Meeting Her Dad (OTUS)
The young man approached the front door of a tony house in the Kalorama neighborhood. He wore a nearly stylish navy suit and a light blue button up shirt. His striped tie was crooked and poorly tied. His discomfort was palpable; he wore the outfit like a burlap sack. He wore the same thing for his college interview, but that was nothing compared to this. He would rather redo that interview twelve more times than do this.
Jeremiah stared up at the house and swallowed, checking his watch. He’s twenty minutes early. The right behavior for a job interview or for class, but not for a ‘social’ occasion. What was it his mother always said when he was a kid and dad was rushing her to get ready for a night out, “don’t worry, Isaiah, we’ll be fashionably late.” He decided to take a walk around the block but he couldn’t shake the feeling that the whole block was watching him. Mainly because it was.
As he walked up the street earlier, he was stopped by secret service agents. They ran his ID, frisked him, checked a guest list, radioed some other agents to confirm. He suspected they gave him a little more grief than they give most guests, given the nature of his visit. They seemed to be enjoying his jangling nerves. It seemed silly to even try to walk around the block pretending his every move wasn’t being followed. He started imagining the agents in that SUV laughing at him as he paced the block so he planted his feet, took a deep breath and turned back toward the house.
There were two flights of stone steps leading up to the house. He made it up the first flight, stopped short and turned to go back down. How could he have been so stupid. When he started dating his girlfriend, he thought “no big deal, who cares who her dad is?” Most of her life, her last name alone had impacted ever aspect of her life. She couldn’t meet strangers, everyone already knew her. She never got to be just herself and get to know people as her own person and not her father’s daughter. She deserved some normalcy. She was an amazing girl. He couldn’t believe she’d ever paid him any mind, and not because of her father, just because she was just so gorgeous and so smart and so cool and — “cool it, Jeremiah,” he thought to himself.
But now that he was here a year and change later, meeting her parents, and he just couldn’t believe he’d been such an idiot to think this wasn’t a stupid idea. Not because he wasn’t in love with Mal, but because of who he was about to meet. This was the man his mother had pointed to since he was nine years old. “Study hard so you can grow up to be like him” and “You must behave if you want to be like him someday” or when he misbehaved “Our people have worked for centuries all the way up today, to him, when you do such stupid things, you disrespect the labors and the suffering of all of them.” What would they even talk about? He had nothing to say that would be interesting to this man. Jeremiah was a 19 year old college freshman from Silver Springs. His mom was a high school history teacher and his dad was in sales. His most entertaining stories were about stupid things he did when he was drinking with his buddies and that one time his big sister managed to knock his baby teeth back up into his gums — long, gross story, don’t ask.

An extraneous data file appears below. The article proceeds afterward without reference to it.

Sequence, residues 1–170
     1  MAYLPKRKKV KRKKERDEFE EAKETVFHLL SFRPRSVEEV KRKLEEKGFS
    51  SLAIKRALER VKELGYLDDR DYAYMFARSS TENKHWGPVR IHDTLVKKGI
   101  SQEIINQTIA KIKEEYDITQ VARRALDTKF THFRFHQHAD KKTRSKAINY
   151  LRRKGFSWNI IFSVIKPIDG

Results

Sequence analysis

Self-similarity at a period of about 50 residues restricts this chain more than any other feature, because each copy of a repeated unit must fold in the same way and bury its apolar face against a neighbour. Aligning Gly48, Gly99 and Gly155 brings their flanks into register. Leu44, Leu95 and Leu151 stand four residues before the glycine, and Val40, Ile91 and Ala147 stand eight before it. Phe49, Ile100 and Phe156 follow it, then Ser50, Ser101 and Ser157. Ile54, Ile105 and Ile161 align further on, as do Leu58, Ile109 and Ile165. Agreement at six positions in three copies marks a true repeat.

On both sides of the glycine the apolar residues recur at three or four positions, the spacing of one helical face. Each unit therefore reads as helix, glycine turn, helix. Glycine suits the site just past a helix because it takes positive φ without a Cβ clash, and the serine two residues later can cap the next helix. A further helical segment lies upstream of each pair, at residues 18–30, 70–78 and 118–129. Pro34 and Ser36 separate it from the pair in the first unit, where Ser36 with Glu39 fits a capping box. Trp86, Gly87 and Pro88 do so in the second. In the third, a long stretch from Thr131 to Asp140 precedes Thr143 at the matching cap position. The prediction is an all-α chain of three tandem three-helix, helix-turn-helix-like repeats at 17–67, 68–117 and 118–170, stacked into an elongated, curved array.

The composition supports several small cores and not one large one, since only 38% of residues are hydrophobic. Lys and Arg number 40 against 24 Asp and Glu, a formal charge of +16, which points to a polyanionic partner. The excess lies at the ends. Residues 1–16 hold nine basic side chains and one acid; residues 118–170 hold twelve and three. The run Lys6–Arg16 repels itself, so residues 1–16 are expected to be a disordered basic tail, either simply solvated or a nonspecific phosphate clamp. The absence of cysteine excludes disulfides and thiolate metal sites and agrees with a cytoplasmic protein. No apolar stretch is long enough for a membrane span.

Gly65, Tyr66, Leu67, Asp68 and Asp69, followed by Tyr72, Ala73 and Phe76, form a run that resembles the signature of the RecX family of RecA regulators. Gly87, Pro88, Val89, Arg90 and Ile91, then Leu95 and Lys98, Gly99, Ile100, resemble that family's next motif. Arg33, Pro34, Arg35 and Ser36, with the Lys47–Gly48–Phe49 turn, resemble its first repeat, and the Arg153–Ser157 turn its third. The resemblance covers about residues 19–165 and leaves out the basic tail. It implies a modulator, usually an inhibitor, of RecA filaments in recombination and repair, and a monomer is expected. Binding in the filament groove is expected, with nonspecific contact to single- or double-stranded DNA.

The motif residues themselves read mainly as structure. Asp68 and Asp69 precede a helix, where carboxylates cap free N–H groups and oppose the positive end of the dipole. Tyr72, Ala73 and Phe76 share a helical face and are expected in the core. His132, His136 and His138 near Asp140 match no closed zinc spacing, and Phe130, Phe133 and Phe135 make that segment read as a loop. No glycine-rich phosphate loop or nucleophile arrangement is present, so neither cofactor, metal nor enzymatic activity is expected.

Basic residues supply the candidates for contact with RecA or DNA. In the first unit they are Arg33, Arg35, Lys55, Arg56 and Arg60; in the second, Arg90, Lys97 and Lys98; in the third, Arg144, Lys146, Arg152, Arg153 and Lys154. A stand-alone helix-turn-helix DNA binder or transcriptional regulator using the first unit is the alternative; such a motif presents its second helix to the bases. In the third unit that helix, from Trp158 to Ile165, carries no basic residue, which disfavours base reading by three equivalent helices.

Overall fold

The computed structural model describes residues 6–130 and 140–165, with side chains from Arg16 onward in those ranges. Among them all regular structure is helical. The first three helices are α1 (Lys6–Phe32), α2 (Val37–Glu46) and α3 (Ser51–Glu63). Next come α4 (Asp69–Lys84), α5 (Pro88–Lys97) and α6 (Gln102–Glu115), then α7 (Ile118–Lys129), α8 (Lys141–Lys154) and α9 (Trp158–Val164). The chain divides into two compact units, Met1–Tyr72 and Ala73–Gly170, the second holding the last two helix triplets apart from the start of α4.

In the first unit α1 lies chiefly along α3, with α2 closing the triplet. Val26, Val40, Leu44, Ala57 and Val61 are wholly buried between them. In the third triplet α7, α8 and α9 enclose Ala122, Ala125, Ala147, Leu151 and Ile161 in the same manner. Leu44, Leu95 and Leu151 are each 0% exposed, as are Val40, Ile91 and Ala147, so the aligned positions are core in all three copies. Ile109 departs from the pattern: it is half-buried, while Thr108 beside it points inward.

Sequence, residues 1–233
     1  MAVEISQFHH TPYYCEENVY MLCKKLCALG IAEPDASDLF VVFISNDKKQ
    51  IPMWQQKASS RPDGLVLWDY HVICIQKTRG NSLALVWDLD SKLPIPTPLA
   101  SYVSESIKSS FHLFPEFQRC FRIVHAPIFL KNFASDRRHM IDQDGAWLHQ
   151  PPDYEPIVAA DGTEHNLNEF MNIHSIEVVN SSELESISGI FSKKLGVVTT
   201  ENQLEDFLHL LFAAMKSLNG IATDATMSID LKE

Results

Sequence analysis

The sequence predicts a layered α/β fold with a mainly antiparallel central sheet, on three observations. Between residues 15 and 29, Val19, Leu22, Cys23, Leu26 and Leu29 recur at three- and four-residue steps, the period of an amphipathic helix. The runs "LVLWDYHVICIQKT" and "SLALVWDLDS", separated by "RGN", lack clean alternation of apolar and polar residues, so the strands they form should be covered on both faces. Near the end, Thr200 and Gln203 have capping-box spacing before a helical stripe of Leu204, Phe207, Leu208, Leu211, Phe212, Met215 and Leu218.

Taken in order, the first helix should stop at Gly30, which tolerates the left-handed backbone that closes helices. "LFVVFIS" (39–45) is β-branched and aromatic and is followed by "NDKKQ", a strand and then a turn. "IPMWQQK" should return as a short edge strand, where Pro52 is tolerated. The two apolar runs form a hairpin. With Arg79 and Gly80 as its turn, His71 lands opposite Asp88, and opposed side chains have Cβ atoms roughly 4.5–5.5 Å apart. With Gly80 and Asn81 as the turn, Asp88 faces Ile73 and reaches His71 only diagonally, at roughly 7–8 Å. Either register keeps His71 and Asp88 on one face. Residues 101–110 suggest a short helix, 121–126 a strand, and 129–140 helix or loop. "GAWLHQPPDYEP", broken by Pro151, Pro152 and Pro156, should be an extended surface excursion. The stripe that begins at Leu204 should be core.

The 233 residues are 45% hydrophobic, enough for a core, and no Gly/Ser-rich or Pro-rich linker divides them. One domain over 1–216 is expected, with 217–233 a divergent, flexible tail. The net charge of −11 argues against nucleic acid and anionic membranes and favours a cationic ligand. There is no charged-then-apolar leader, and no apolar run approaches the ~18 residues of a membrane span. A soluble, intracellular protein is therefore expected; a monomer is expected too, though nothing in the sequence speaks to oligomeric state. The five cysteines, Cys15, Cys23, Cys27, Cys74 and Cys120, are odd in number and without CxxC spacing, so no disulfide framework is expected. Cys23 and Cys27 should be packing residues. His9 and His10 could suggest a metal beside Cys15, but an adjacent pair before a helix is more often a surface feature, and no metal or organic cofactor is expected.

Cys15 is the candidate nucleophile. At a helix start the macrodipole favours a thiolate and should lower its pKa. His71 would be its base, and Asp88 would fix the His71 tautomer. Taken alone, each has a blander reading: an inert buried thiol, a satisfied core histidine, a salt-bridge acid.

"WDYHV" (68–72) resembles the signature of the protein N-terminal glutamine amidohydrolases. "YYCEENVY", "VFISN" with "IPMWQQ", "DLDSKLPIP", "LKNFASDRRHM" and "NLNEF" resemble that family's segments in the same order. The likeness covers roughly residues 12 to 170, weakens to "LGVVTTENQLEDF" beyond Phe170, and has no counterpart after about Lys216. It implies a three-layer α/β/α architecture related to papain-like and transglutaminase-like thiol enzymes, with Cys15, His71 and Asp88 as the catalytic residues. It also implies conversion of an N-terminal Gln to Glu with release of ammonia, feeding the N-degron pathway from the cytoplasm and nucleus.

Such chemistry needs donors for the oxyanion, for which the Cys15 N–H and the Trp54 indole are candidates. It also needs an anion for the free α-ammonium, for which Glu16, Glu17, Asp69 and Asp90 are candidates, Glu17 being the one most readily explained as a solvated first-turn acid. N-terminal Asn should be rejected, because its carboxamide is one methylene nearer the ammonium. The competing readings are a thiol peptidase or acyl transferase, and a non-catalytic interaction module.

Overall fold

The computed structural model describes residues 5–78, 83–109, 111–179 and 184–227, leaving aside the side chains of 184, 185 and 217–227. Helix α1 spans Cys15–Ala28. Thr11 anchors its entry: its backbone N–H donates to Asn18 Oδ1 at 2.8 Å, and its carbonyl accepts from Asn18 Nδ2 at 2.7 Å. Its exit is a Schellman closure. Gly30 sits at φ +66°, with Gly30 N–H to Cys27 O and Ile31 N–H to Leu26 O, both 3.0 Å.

He sighed and looked at his watch again. Now he was only ten minutes early. He felt his phone buzz and checked the notifications. Three messages from Mal. She was saved in his phone as “[heart eyes emoji] [heart emoji] Boo [heart emoji] [heart eyes emoji]”.
“Jer, what are you doing?”
“You know they can see you through the windows”
“This is embarassing, Jer. Just come in. It’s going to be fine, babe. I promise”
He found himself grateful in the moment for how dark his skin was, it hid any blushing. He used to hate his dark skin. Especially growing up in such a white school. He ruined every group selfie; everyone else would either be washed out or he would just look like someone had covered up his face with sharpie after a bad breakup or something. Dating Mal, he’d started to love his body more, he started to see himself the way she saw him. But in this moment especially, he had never been so grateful for his complexion as his face grew hot with embarrassment.
He took a few more deep breaths and walked up the second flight of steps. He reached the door, straightened his tie, smoothed his shirt anxiously and then reached for the doorbell. The instant he pressed the button, the door swung open. There he was, the most accomplished black man in the world, his mom’s icon of black male excellence, beaming — maybe a little cruelly in the moment. Jeremiah felt his face flush again. He’d been standing there watching the whole time, just waiting and enjoying his discomfort.
“Can I help you?” he asked
“Yes, Sir — Mister Obama — Mister President Obama Sir.”
“Let’s go with Mister President for now. And you are?”
“Yes your majes — Mr. President, sir. I mean.” He cleared his throat anxiously, “It’s an honor to meet you, Mr. President. My name is Jeremiah Foster, sir” Jeremiah extended his hand to shake the President’s, but then panicked and instead spread his arms out as if he were spreading the folds of a skirt to display the fabric. Putting his right foot behind his left, he bowed his head and bent his knees.
“Did you just curtsy, son?”
“No, I mean, I maybe. Yes, Mr. President.”
“You don’t need to curtsy.”
The President smiled warmly. “Relax, Jeremiah. It’s okay. I’m just messing with you. It’s nice to finally meet you, Malia’s told us so much about you.”
Jeremiah visibly relaxed and started to embody his normal, confident space. “Thank you, sir”
“Plus, I had the Secret Service look into you months ago, so I know everything anyway” he says with a chuckle. “You can just call me Mr. Obama for now, okay? But call my wife Ms. Obama. She’s nobody’s Missus.”
“Yes, Mr. Obama. Thank you, sir.”
“Alright, enough torture, Jeremiah. Why don’t you come in? We’ve got dinner ready.”